“It created a centrally-located business center amidst the suburban sprawl and was supposed to serve as a community center as well,” Mangiafico and Mathis wrote. “Newspaper articles from the period touted the mall’s cleanliness and consistent 72 degree temperature throughout the year. Shoppers traversed a promenade of palm trees, fountains and aviaries with exotic birds; a Boy Scout jamboree camped in the mall under those fountains for four nights.”
Mangiafico said the mall’s arrival was a plus for Cherry Hill, but greatly impacted the rest of the region financially.
“This was really something they had never seen before,” she said. “It was sort of the death of small business. In changed Camden, which was a viable, liveable city at the time.”
Eventually, shoppers from Philadelphia and its suburbs caught on and began to cross the river to frequent the mall.
The development of the New Jersey Turnpike and Interstate 295 in the 50s and 60s made the mall more convenient to regional travelers, as well.
The mall, over its 50 year history, has seen some drastic changes. Stores have moved in and out, the main auditorium was removed, the JCPenny wing of the mall was added in the 70s and an office building was added to the property, Mangiafico said.
The mall has also morphed since its transformation and redevelopment in 2007 by its owner, the Pennsylvania Real Estate Investment Trust (PREIT).
Mangiafico said these changes have greatly benefited the mall.
“My guess as to why people keep coming back is that it has a good location … easily accessible from the eastern side of Philadelphia, and the majority of close suburbs,” Mangiafico said.
“In many respects, it has morphed into the local mall over the years for Cherry Hill and Pennsauken, especially, and with recent changes, has become even more of a destination due to the stores that don’t have a presence in any other local malls,” she said.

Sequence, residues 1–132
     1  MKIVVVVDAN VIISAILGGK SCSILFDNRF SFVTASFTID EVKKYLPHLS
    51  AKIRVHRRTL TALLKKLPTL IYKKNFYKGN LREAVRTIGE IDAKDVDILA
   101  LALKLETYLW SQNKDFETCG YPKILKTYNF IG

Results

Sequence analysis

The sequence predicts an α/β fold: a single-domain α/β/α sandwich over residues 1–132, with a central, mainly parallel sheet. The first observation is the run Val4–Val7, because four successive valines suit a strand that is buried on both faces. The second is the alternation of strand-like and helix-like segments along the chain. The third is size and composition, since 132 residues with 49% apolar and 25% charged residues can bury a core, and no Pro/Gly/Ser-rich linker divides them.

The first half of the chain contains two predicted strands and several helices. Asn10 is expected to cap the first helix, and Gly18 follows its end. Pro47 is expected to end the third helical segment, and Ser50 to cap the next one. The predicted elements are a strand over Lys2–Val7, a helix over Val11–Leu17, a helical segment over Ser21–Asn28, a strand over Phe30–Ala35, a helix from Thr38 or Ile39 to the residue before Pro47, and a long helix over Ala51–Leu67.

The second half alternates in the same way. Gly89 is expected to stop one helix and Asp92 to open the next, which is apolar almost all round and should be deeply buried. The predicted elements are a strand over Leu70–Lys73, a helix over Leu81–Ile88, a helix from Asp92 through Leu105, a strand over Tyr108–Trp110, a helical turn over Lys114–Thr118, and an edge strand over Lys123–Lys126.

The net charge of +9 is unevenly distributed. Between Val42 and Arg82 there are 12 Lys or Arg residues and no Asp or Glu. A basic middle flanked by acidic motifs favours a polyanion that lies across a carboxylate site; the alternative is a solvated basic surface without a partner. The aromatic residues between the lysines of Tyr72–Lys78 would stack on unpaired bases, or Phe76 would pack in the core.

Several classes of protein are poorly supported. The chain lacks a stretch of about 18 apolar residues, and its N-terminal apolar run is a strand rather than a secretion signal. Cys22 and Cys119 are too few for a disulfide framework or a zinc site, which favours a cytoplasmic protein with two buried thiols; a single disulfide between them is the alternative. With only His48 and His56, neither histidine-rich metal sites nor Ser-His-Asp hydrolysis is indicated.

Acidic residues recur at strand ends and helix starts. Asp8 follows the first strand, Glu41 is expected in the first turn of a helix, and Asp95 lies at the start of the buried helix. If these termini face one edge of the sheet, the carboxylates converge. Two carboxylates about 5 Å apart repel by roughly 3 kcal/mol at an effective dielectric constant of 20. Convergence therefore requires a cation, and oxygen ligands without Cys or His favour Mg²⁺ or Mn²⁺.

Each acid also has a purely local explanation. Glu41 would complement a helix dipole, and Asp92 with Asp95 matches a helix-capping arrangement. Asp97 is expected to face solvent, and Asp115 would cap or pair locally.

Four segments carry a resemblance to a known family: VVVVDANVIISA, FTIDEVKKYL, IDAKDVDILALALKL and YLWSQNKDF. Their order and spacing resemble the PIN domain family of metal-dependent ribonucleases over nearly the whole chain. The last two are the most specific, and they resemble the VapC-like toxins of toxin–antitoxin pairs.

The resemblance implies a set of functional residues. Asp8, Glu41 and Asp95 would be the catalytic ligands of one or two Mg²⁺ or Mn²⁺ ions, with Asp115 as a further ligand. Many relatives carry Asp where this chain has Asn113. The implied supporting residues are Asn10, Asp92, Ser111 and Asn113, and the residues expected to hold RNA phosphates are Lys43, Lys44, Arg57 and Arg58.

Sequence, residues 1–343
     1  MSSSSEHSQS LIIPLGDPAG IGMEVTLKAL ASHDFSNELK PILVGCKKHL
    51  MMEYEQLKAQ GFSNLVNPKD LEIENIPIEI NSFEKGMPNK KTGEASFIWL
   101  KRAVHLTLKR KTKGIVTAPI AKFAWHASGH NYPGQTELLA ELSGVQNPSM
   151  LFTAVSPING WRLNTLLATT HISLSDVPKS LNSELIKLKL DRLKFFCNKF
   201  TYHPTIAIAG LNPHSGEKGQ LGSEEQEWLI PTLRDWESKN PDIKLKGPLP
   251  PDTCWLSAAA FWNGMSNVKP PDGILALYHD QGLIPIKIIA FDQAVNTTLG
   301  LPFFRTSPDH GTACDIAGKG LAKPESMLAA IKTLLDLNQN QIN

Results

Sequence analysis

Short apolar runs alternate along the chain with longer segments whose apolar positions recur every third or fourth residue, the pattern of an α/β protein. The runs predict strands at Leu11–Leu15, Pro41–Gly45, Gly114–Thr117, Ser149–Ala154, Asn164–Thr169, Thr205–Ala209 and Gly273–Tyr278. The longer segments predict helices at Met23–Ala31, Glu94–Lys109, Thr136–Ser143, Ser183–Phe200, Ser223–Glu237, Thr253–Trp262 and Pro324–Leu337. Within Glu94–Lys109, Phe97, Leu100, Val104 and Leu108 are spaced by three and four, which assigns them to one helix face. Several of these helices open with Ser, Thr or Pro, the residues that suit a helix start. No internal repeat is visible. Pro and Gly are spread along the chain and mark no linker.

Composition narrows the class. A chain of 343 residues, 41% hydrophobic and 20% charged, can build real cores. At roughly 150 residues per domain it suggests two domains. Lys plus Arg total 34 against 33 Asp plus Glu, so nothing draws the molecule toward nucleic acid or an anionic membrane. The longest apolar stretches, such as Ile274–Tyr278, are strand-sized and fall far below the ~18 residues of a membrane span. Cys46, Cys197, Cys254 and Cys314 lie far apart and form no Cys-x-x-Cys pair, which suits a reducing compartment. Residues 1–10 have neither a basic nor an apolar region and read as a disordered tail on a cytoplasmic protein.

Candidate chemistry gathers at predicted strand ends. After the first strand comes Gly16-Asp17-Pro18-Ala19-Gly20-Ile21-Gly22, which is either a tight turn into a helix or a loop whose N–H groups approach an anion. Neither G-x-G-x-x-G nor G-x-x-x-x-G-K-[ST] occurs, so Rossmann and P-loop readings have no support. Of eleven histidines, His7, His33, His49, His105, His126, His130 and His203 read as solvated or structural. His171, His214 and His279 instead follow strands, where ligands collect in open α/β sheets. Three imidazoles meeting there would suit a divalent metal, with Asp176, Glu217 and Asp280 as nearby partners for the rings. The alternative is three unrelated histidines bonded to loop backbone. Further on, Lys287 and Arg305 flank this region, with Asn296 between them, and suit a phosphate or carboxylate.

Mayor Bernie Platt said he is proud of the impact the mall has had on Cherry Hill and the region over the past 50 years.
“Fifty years ago, the Cherry Hill Mall opened its doors to 25,000 excited shoppers from across our region. The East Coast’s first indoor shopping mall, it drew throngs of shoppers from near and far, signaling the start of Cherry Hill’s expansion and transformation into a destination for our entire region,” Platt said. “Today, the mall remains a retail, restaurant and fashion hub for millions of people in New Jersey and Pennsylvania. Its recent growth and renovation attracted major retailers and reinforced the notion that Cherry Hill has become the commercial spine of South Jersey.”
The township, Mangiafico said, is proud to be home to the mall, which has changed, adapted and served the region for 50 years.
“The mall’s development was a double-edged sword. It led, along with other malls and shopping centers that went up in the region during the 1960s to the 1980s, to the death of many small, Main Street businesses in the area, including those in Camden,” Mangiafico said. “But it also provided a real spark to the Cherry Hill community, which, I think, has always been rather proud to have the mall in the community.
“And in some ways, especially after it first opened … it was such a draw and really put Cherry Hill on the map.”